"“The majority of our patients are over 65, and they have expectations that cannot be ignored in terms of personal appearance,” hospital chief executive David Brown said in an interview. “We have the ability as an employer to characterize our process and to have a policy that says what’s best for our business and for our patients.” Employment lawyers say Citizens Medical Center’s hiring policy isn’t against the law. Only the state of Michigan and six U.S. cities — including San Francisco and Washington, D.C. — ban discrimination against the overweight in hiring."

The Rest of the Story

This is blatant employment discrimination, and it is ugly. However, what readers should realize is that it is no more ugly than policies that refuse to hire smokers. My hope is that the obvious inappropriateness of this policy will open employers' eyes to the equal inappropriateness of refusing to hire smokers. Discriminatory hiring practices are simply wrong, and it is time that public health advocates starting standing up for justice for workers.

What makes the Citizens Medical Center policy particularly ugly is that they justify it by arguing that their patients don't want to see obese people people it doesn't fit with their "mental projection" of a healthcare professional. That is simply disgusting. The same thing could have been said years ago (or maybe today) about certain other groups, such as black health care workers, LGBT workers, or Jewish workers.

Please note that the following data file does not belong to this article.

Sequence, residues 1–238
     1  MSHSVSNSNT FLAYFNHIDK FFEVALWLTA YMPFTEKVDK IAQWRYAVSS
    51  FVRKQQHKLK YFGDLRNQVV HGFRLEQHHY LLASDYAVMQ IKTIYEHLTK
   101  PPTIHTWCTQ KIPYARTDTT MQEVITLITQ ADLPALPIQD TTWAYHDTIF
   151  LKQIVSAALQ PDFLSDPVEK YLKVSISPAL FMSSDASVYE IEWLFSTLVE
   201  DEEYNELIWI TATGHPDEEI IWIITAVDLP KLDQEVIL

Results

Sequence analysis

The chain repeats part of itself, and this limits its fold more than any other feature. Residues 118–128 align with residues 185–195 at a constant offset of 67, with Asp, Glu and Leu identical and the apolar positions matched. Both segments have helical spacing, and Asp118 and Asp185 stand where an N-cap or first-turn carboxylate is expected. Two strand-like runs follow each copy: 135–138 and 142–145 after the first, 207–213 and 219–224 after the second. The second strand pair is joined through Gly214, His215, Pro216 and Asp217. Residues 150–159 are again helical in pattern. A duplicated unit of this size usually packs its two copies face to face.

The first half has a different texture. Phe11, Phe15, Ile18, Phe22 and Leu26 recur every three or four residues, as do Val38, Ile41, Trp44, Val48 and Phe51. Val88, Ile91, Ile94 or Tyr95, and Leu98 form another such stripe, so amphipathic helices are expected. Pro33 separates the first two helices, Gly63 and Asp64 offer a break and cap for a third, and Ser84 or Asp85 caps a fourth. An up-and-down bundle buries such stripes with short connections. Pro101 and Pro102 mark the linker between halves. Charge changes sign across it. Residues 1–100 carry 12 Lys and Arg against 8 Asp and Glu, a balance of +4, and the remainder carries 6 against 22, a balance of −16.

And importantly, the same thing is being said today, in some hospitals, about smokers. A number of hospitals refuse to hire smokers not merely to reduce health care costs, but because they don't want their patients to have to even "see" a smoker.

The only bright side to this story is that perhaps it will open the eyes of the public, the media, and employers to the fact that employment discrimination is indeed ugly and has no place in America. And that holds even if the group being discriminated against is smokers.

Tuesday, February 11, 2014

Anti-Smoking Advocate Incorrectly and Irresponsibly Tells Public that Smoking Half Pack Per Day is No Better than Smoking Two Packs Per Day

According to Dr. Stan Glantz - a leading tobacco control researcher - cutting down substantially on the amount you smoke has no health benefit. Thus, according to Dr. Glantz, smoking two packs of cigarettes per day is no more harmful than smoking a half pack per day, for example.